- A Chicago federal judge on Monday says a deceptive commodities trading tactic known as spoofing can be prosecuted under the wire fraud statute.
- The decision will allow a criminal case against two ex-Deutsche Bank precious metals traders, accused of manipulating precious metals futures markets from 2009 to 2011, to move forward.
A federal judge on Monday said that a deceptive commodities trading tactic known as spoofing can be prosecuted under the wire fraud statute, a decision that will allow a criminal case against two ex-Deutsche Bank precious metals traders to move forward.
The decision by Judge John Tharp in U.S. District Court in Chicago also supports federal prosecutors' efforts to criminally charge individuals for spoofing trades dating as far back as 10 years, the statute of limitations for wire fraud that affects a financial institution.
The charges of commodities fraud and violations of the Dodd-Frank Act — which explicitly made spoofing a criminal offense — have shorter statutes of limitations, of six years and five years, respectively.
James Vorley and Cedric Chanu, the traders in the case before Tharp, were indicted in July 2018 on charges of conspiracy and wire fraud.
Tharp's decision allowing the use of the wire fraud statute came in response to a motion to dismiss the case by lawyers for Vorley and Chanu.
Prosecutors said the two men manipulated precious metals futures markets from 2009 to 2011 individually, in coordination with one another, and with a third trader, David Liew.
The trades identified by prosecutors allegedly involved spoofing, which involves placing trade orders with the intent to cancel them before they can be executed.
The goal of the tactic is to affect the price of the commodity so as to improve the performance of a pre-existing trading position in the market.
Lawyers for Vorley and Chanu had argued that the trades for which they were charged did not constitute so-called materially false statements, as is required for a charge to be filed under the wire fraud statute.
In his ruling Tuesday, Tharp said, "This case presents the question of whether a scheme to defraud commodities traders by placing 'spoofing' orders — orders that the trader intends to withdraw before they can be filled — can constitute wire fraud."
"The defendants say no, because wire fraud requires the making of a false statement — an express misrepresentation — and the indictment alleges none," Tharp wrote. "That is not the law."
Tharp noted that the U.S. Seventh Circuit Court of Appeals previously ruled that spoofing "can constitute a 'scheme to defraud' under the commodities fraud statute."
"As there is no material difference between a scheme to defraud under either statute, the answer to the question presented is, yes: the alleged spoofing scheme alleged in the indictment adequately charges violations of the wire fraud statute," Tharp said.
Tharp noted that the questions of whether the former Deutsche Bank traders' orders were, in fact, misleading and material, must be resolved at trial, instead of by a motion to dismiss the case.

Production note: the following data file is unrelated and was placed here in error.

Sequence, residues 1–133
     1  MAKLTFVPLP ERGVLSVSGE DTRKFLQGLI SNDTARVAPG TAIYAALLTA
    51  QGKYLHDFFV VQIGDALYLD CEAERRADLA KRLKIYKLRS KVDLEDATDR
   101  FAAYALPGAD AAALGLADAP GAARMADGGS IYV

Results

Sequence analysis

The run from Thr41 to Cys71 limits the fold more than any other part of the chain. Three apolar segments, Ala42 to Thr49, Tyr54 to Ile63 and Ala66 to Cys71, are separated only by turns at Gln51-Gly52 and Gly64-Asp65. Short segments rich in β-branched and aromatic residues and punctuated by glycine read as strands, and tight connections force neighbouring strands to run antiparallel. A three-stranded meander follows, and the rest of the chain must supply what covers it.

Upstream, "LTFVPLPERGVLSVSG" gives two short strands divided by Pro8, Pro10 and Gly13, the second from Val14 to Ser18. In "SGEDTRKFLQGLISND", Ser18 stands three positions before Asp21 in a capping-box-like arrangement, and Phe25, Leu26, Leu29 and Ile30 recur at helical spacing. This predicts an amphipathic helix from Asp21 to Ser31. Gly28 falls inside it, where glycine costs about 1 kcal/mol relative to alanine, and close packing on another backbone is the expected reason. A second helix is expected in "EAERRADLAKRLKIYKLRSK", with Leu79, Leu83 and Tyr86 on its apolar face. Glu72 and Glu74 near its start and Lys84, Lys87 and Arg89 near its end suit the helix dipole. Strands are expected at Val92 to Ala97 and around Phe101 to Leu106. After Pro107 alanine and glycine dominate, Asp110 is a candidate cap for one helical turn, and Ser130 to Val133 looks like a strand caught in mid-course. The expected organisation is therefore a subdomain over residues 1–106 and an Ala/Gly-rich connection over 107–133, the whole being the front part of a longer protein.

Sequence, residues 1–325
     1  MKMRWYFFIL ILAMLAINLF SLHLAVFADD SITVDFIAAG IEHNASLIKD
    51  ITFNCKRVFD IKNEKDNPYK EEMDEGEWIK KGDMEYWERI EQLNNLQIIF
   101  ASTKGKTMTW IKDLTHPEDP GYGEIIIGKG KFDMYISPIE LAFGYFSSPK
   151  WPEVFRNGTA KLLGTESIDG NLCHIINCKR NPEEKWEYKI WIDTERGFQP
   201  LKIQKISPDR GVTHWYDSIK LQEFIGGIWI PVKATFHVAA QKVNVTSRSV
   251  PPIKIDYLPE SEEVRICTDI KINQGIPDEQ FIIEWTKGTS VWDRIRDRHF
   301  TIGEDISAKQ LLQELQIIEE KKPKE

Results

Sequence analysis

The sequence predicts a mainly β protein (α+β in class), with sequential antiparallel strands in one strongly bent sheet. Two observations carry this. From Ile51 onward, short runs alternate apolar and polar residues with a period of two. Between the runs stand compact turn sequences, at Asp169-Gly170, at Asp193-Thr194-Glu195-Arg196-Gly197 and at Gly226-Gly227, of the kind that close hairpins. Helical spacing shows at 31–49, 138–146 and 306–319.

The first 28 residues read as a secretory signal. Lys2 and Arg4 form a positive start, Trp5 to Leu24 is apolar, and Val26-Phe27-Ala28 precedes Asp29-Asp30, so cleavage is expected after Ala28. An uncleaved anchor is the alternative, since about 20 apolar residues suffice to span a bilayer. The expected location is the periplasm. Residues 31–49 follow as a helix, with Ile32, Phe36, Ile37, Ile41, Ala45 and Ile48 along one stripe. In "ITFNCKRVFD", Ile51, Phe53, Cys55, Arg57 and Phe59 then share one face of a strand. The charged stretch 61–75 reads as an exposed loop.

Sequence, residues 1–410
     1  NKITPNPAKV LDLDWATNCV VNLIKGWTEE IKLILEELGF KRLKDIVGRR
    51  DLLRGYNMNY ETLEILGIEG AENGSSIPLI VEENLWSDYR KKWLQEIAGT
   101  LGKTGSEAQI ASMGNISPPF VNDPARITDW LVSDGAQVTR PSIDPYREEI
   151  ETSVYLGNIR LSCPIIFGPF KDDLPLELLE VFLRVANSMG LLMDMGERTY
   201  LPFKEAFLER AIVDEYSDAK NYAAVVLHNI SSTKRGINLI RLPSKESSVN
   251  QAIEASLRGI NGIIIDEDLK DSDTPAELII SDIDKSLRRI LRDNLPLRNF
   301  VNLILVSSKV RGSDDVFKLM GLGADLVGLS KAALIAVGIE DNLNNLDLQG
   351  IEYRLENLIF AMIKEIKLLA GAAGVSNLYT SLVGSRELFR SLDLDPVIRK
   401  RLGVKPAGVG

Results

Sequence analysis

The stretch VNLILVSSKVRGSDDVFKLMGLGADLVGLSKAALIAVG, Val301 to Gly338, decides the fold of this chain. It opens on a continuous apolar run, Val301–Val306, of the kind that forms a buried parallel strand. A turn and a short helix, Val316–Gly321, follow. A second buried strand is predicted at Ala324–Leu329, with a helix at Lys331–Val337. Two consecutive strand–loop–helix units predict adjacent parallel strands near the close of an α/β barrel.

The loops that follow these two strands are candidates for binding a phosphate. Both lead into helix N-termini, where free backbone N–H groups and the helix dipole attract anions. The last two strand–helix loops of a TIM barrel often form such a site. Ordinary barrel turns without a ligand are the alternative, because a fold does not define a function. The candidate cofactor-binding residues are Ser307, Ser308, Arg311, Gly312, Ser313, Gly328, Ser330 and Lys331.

Vorley's attorney, Roger Burlingame, in a statement to CNBC, said, "The government's charges have always been and remain absurd."
"James's trading was perfectly legal, and no market participant could possibly have been defrauded by live, at risk offers to trade on an anonymous exchange. We look forward to winning at trial," Burlingame said.
Michael McGovern, a lawyer for Chanu, said in an emailed statement, "As Judge Tharp repeatedly noted in his decision, the Government has yet to prove that Cedric did anything wrong — and we look forward to trial, when it will become clear that he did not."
"We will continue to mount a forceful defense on his behalf," McGovern said.
The Department of Justice declined to comment on the ruling.
Liew, who previously worked with Vorley and Chanu as a junior trader on the precious metals desk for Deutsche Bank, pleaded guilty in June 2017 to one count of conspiracy to commit wire fraud and spoofing.
Liew is a cooperating witness for prosecutors. He is awaiting sentencing.
The Justice Department has been aggressively cracking down on spoofing in the precious metals market. Federal prosecutors have lodged 13 spoofing cases against 19 defendants in the past five years.
In September, prosecutors indicted three J.P. Morgan precious metals traders — including the global head of base and precious metals trading — on charges that include racketeering conspiracy in connection with an alleged multiyear scheme to manipulate the precious metals futures markets.
Trade groups, including the Futures Industry Association, the U.S. Chamber of Commerce, the Bank Policy Institute and the Securities Industry and Financial Markets Association all filed briefs in January and February supporting Vorley and Chanu's argument to dismiss the charges.
In FIA's filing, the leading global trade organization says it "objects to the government's attempt to expand the wire fraud statute in a new way that unnecessarily invites harm to legitimate trading and the vitality of the futures markets."
In addition, the FIA cautioned that "if accepted, the government's theory of liability poses a serious risk of chilling legitimate, non-fraudulent trading by FIA's members and other market participants," the filing says.